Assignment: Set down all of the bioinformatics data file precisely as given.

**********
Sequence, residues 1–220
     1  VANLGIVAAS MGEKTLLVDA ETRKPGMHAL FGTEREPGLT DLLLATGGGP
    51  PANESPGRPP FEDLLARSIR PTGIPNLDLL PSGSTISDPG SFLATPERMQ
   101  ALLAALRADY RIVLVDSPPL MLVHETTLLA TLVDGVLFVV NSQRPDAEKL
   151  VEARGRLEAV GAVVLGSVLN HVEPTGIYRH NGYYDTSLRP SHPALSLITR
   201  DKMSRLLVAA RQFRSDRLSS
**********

Sequence, residues 1–220
     1  VANLGIVAAS MGEKTLLVDA ETRKPGMHAL FGTEREPGLT DLLLATGGGP
    51  PANESPGRPP FEDLLARSIR PTGIPNLDLL PSGSTISDPG SFLATPERMQ
   101  ALLAALRADY RIVLVDSPPL MLVHETTLLA TLVDGVLFVV NSQRPDAEKL
   151  VEARGRLEAV GAVVLGSVLN HVEPTGIYRH NGYYDTSLRP SHPALSLITR
   201  DKMSRLLVAA RQFRSDRLSS